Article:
There are things one is supposed to do.

Sometimes for moral reasons (Don’t lie, Don’t cheat), other times for less noble or lofty reasons.

Taking out the garbage, for instance. This should be done with some regularity, no matter how disagreeable or oppressive the chore. It’s both sensible and improves air quality.

Household maintenance is code for a long, long (possibly unending) list of obligations few recognize prior to ownership and many shirk afterwards.

Exterior painting should occur every five to seven years. Unless you don’t feel like it, or you prefer vinyl siding. Another alternative is Brutalist style poured concrete. A bit severe in appearance, it is also costly and won’t endear you to neighbors.

Furnace cleaning is another obligation; one, we’re advised by none other than those firms providing the service, that should occur annually.

Previously, I adhered to that 11th Commandment, hung around all day waiting for the HVAC technician to appear, hovered over him as he did what he was being paid to do, and then wrote a check.

What does the HVAC expert do? Take measurements of some sort on the heat pump? No. Investigate the furnace’s efficiency and provide a set of dazzling statistics that, ostensibly, reveal all the secrets and predict the coziness to come in Winter months? No.

What the HVAC expert does is vacuum. And very, very small spaces, mind you.

As it happens, I am an expert at vacuuming. It may be the thing I do best.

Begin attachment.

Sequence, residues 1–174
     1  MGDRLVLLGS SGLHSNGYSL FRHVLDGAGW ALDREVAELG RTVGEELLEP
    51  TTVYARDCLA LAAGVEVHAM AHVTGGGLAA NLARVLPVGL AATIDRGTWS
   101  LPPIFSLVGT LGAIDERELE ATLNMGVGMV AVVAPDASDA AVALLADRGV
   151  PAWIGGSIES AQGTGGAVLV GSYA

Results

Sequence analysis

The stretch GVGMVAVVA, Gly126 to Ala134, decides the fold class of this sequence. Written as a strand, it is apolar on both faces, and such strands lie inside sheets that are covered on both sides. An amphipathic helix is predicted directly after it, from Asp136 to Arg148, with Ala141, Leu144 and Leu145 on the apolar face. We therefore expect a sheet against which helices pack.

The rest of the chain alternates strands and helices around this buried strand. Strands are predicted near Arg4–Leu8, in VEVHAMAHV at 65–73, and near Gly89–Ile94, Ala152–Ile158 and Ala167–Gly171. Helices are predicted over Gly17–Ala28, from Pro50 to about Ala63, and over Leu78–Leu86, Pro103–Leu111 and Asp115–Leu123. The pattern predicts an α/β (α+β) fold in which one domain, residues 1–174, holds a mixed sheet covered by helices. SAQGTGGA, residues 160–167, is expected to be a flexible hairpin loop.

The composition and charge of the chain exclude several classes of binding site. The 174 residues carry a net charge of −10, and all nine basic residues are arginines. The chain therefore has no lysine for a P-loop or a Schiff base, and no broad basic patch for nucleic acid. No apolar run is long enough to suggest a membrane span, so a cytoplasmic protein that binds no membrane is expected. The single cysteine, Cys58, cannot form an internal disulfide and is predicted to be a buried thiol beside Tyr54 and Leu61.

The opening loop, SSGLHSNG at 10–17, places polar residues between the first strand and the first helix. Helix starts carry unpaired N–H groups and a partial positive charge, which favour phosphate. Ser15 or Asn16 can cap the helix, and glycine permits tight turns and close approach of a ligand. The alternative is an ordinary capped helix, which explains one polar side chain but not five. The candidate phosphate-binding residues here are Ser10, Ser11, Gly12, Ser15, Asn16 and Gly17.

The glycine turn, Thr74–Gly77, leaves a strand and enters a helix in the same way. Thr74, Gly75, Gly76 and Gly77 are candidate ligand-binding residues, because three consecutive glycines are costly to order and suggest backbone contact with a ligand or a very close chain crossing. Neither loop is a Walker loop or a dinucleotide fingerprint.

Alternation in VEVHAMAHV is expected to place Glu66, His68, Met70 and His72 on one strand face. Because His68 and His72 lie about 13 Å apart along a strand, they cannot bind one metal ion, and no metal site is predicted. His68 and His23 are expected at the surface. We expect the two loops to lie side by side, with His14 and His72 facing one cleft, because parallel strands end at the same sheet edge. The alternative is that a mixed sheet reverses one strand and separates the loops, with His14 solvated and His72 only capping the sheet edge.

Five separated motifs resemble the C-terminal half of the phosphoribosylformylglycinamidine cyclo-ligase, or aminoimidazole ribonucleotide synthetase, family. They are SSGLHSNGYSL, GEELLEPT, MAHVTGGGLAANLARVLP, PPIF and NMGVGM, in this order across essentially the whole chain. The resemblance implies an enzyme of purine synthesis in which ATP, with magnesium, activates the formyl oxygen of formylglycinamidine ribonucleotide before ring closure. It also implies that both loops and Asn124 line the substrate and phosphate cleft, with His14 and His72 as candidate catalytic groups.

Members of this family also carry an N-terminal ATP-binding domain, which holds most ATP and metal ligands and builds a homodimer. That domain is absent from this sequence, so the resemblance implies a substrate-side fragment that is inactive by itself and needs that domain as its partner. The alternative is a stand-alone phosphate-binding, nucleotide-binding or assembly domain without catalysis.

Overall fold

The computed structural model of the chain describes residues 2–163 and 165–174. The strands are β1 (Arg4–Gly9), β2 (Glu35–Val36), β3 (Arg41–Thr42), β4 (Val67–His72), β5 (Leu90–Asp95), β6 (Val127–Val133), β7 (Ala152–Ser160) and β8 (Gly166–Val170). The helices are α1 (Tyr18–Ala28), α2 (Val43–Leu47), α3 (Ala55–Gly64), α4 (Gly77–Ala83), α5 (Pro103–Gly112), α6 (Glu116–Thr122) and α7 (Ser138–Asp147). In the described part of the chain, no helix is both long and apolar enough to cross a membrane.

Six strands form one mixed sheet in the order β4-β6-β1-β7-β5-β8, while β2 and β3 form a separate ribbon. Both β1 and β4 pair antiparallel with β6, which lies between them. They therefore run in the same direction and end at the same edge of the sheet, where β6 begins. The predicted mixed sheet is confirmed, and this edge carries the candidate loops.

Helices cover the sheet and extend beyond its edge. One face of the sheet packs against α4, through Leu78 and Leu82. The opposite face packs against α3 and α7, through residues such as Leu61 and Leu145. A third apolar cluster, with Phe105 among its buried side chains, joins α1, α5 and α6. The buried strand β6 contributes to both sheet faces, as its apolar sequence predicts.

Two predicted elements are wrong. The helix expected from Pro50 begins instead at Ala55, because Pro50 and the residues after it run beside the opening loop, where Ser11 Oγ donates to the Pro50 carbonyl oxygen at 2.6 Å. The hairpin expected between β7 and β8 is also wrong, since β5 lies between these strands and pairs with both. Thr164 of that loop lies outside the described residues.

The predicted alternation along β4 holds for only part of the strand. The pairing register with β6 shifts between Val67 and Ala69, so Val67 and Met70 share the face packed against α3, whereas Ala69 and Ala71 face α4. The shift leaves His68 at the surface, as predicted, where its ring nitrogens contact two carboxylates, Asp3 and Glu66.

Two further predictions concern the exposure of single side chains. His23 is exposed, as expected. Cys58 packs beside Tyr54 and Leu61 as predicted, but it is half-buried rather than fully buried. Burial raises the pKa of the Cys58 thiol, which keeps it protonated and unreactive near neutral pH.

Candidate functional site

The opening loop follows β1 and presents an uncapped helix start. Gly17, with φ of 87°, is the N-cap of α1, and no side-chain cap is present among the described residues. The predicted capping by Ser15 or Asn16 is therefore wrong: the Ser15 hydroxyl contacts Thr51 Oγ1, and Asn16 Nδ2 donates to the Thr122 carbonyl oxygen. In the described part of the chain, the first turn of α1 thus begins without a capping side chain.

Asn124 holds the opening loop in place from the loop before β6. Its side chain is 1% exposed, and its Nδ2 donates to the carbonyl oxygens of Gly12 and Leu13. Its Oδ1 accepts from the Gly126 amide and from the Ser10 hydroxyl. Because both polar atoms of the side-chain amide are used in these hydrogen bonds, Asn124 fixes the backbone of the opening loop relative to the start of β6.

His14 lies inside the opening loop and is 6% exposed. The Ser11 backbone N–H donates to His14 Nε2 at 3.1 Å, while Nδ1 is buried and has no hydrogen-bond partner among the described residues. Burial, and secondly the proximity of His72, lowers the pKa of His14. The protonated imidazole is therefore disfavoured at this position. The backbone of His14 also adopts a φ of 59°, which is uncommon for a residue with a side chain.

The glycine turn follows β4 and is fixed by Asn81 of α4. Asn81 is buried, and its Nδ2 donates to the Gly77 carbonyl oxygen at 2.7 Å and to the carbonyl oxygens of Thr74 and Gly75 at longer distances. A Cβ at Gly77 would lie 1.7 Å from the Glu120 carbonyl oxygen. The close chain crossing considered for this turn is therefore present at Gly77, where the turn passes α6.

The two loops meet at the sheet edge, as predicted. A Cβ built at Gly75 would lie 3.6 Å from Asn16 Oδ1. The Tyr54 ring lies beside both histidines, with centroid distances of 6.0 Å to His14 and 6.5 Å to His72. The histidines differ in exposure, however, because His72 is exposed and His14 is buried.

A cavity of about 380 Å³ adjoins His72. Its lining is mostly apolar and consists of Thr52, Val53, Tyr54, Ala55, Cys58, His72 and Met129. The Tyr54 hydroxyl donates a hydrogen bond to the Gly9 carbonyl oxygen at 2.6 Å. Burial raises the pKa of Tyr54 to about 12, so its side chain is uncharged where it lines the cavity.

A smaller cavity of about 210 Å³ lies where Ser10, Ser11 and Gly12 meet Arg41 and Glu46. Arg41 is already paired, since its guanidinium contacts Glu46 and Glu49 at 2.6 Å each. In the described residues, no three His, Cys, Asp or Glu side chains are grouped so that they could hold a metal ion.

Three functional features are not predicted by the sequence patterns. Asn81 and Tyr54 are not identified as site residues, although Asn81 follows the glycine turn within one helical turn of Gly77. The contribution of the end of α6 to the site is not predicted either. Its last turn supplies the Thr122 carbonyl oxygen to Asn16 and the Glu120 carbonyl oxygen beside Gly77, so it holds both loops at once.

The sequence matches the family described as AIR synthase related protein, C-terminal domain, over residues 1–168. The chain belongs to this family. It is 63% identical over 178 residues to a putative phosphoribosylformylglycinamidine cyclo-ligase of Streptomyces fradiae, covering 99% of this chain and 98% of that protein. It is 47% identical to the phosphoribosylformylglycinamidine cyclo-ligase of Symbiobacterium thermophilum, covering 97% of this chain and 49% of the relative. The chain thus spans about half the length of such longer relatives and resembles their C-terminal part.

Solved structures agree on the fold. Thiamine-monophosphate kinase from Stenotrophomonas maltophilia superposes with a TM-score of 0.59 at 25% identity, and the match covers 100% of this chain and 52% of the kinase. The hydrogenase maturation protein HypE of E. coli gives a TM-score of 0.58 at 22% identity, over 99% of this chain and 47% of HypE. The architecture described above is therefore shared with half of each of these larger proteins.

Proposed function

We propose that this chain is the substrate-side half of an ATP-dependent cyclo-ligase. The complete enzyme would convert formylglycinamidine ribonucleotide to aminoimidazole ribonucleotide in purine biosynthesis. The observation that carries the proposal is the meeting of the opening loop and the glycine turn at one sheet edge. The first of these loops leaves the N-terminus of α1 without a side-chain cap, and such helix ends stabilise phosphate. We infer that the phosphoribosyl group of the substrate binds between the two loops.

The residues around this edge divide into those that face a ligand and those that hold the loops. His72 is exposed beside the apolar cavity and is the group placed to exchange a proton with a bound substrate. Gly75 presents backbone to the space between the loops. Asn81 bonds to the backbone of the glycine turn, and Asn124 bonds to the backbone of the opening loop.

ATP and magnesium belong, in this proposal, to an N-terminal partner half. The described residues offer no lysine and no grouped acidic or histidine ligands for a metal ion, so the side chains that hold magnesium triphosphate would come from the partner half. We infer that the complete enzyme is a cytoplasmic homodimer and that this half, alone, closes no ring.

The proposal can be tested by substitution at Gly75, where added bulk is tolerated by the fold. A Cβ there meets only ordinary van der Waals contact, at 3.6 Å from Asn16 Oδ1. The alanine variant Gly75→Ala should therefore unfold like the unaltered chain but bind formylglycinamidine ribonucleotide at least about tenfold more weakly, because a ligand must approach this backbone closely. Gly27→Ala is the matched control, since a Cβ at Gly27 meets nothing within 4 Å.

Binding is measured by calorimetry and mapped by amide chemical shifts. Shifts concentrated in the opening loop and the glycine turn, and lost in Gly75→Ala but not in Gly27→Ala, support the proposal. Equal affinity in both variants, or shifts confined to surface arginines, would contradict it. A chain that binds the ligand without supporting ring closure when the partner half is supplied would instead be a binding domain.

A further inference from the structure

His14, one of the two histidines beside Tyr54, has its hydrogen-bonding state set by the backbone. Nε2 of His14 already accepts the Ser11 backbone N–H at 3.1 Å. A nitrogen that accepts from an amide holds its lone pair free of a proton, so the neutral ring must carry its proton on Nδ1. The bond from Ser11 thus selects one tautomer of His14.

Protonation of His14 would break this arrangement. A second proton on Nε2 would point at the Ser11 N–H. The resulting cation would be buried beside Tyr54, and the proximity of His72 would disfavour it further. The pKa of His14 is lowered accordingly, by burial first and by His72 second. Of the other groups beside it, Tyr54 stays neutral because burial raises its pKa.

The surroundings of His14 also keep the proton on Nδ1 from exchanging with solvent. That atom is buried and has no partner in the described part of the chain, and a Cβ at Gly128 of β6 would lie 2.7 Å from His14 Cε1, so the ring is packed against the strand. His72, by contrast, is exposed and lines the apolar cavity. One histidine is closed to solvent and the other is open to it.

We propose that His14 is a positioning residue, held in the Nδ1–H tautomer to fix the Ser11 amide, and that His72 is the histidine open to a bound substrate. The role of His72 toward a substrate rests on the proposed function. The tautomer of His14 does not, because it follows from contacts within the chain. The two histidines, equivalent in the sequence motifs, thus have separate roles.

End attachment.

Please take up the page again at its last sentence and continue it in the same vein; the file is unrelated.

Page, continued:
And I have all the right, professional tools. An upright model (matching my morals) to shove around, all while taking great care to keep the lines in the carpet perfectly parallel.

As well, I own a “house vac.” Not really sure what the correct name for it is (maybe “central”), but I plug a hose into the wall and, viola!, suction. Very bourgeois, I know.

Not long ago, the house vac’s motor broke. After only 35 years. If you can believe that.

Heartbroken, I let it sit idle for a week. OK, maybe two, possibly three, more likely a month. Surprisingly, it did not heal itself in the interim, as appliances sometimes do.

Unbolting the motor from the wall, a trip to the repair shop and 80 bucks later, Viola!, the sucking resumed. (I know, there’s an off-color joke not-so-deeply embedded in there.)

Well, what does this all mean? Plainly, it means I’m going into the HVAC business. My mother was correct, as usual: good to have a back-up skill.

Obligation becomes opportunity as a new profession and professional is launched.

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